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What is a probiotic?

A product is considered to be probiotic if it contains microorganisms that provide benefit when ingested. There are numerous types of microorganism that can be found in probiotic products, e.g. Lactobacillus acidophilus, L. rhamnosus and Bifidobacterium lactis (bacteria used in the production of dairy products) and Saccharomyces boulardii (a strain of yeast). Supplements containing freeze-dried microorganisms, marketed as being probiotic, are available over-the-counter (OTC) at pharmacies, “health” stores and supermarkets. Live cultures of microorganisms are also sometimes added to commercially produced foods, e.g. probiotic yoghurt. However, whether or not probiotic products actually contain live microorganisms at the time of consumption, and even assuming they do, it is largely unknown whether any of these microorganisms are able to form beneficial living colonies in the person taking them.

The majority of the potential health benefits attributed to probiotics are thought to occur in the host’s gastrointestinal tract. These may include: improved digestion and nutrient absorption, enhanced immune function and re-colonisation of the gastrointestinal tract following a disturbance in gut microflora, as can occur after treatment with antibiotics.

The concentration of microorganisms in a probiotic is generally reported in colony forming units (CFU). Patients who are taking antibiotics are reported to need to ingest between five and 40 billion CFU/day of a probiotic organism in order to experience any benefit.1

Do probiotics protect against antibiotic-associated diarrhoea?

When ingested in sufficient quantities, probiotics do appear to reduce the risk of antibiotic-associated diarrhoea in children and adults. This protective ability appears to broadly extend across different types of antibiotic and different probiotics.

A meta-analysis of 16 studies, including over 3400 young people aged between two weeks and 17 years, reported a number needed to treat (NNT) of seven patients for the probiotics Lactobacillus rhamnosus or Saccharomyces boulardii to prevent one case of antibiotic-associated diarrhoea.1 Another meta-analysis of 34 randomised controlled trials that included over 4100 patients assessed regimens of: bifidobacteria, lactobacilli, enterococci, streptococci, Saccharomyces boulardii and combinations of these probiotics.5 The NNT for the probiotics to prevent one episode of antibiotic-associated diarrhoea was eight patients.5 Probiotics were most effective at preventing diarrhoea in patients taking antibiotics for H. pylori with a NNT of five.5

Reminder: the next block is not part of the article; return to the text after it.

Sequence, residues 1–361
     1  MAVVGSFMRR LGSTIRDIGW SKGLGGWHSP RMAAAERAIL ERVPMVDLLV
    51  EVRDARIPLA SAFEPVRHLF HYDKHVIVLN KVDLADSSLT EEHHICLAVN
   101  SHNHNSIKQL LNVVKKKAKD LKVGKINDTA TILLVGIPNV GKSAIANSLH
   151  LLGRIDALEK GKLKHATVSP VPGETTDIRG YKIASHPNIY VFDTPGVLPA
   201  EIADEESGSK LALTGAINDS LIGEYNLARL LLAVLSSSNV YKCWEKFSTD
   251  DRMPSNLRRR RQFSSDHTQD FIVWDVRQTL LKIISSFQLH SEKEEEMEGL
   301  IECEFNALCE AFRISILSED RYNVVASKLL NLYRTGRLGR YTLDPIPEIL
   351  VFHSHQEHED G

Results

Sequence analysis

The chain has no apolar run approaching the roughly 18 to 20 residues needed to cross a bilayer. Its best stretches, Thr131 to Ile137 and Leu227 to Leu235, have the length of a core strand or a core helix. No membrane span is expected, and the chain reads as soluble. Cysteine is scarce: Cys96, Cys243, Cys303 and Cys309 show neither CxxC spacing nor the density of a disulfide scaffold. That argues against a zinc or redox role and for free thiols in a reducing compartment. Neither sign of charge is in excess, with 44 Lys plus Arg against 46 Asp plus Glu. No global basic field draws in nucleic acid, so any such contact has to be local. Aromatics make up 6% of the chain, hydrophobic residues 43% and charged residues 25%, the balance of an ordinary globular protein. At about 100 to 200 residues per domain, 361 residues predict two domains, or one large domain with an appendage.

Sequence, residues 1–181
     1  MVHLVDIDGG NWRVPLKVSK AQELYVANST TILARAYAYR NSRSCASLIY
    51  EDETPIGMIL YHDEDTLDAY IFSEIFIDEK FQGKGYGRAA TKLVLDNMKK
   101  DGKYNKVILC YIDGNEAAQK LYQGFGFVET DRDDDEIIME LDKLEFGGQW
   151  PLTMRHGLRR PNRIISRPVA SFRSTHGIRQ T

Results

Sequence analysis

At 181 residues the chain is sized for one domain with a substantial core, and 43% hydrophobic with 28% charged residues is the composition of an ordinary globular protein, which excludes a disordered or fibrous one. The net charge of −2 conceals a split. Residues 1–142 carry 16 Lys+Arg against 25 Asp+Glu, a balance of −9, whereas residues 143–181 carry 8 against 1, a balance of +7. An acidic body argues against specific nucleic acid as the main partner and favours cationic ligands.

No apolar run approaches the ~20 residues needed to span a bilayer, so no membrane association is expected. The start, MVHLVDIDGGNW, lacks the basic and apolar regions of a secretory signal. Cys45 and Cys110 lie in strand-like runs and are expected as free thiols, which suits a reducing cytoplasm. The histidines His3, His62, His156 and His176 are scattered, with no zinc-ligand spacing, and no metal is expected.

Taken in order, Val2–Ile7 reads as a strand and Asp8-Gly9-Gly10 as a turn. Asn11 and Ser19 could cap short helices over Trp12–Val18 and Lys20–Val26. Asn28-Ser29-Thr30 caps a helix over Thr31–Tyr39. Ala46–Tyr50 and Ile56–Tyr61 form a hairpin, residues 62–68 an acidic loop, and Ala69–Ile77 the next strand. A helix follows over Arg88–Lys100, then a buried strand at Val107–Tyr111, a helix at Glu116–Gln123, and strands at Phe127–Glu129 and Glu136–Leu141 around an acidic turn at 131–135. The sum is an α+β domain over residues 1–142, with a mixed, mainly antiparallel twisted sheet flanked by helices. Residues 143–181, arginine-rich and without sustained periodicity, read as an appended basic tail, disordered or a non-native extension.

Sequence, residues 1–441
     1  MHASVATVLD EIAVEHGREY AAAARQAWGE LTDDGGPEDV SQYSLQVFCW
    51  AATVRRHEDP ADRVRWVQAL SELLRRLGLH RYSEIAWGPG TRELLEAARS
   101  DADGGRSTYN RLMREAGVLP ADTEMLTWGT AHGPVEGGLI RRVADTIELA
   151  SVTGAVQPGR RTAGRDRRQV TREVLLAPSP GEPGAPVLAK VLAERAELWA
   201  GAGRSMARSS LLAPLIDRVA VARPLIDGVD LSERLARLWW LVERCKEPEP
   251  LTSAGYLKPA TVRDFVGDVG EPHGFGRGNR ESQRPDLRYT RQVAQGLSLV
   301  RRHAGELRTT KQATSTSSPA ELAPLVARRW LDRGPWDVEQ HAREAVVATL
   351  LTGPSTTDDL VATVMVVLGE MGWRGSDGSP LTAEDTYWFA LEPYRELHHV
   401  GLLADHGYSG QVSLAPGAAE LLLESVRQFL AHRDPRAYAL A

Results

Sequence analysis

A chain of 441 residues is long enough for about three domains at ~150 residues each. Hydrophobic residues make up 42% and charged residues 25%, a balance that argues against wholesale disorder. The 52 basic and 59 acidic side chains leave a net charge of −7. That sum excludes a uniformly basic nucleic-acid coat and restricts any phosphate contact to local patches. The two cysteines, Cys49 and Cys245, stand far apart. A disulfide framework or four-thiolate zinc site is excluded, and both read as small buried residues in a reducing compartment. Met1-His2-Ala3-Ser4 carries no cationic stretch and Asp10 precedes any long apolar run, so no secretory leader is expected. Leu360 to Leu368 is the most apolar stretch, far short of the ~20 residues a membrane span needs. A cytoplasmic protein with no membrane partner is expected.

The duration of probiotic treatment varied between the studies, but a broadly representative regimen would be commencing probiotics on the day that antibiotic treatment was begun, and continuing for at least as long as the course of antibiotic treatment and up to one week after.5 The authors concluded that there was a relatively consistent protective effect across the range of probiotics studied, that this effect was seen in paediatric and adult populations and was maintained across different antibiotics and different indications for the antibiotic use.5

Antibiotic use is associated with a range of gastrointestinal adverse effects

By altering the gut microflora, antibiotics can cause a range of adverse effects, including Clostridium difficile colitis and antibiotic-associated diarrhoea. Diarrhoea is reported to occur in 5 – 30% of patients prescribed antibiotics,2 and is most likely to occur with broad spectrum antibiotics, e.g. penicillin derivatives, cephalosporins and clindamycin.3 The use of antibiotics is also associated with approximately a four-fold increased risk of vaginal candidiasis in females.4 Some patients who are prescribed antibiotics will consider taking adjunctive probiotics in order to reduce their risk of experiencing antibiotic-associated adverse effects.

Do probiotics protect against vaginal candidiasis?

In contrast to their effectiveness in preventing antibiotic-associated diarrhoea, there is evidence that probiotics are not protective against post-antibiotic vulvovaginal candidiasis. A study of 235 non-pregnant females aged 18 – 50 years found that preparations of Lactobacillus taken orally or vaginally, or by both routes, did not reduce the risk of developing post-antibiotic vulvovaginal candidiasis.6

But are probiotics safe?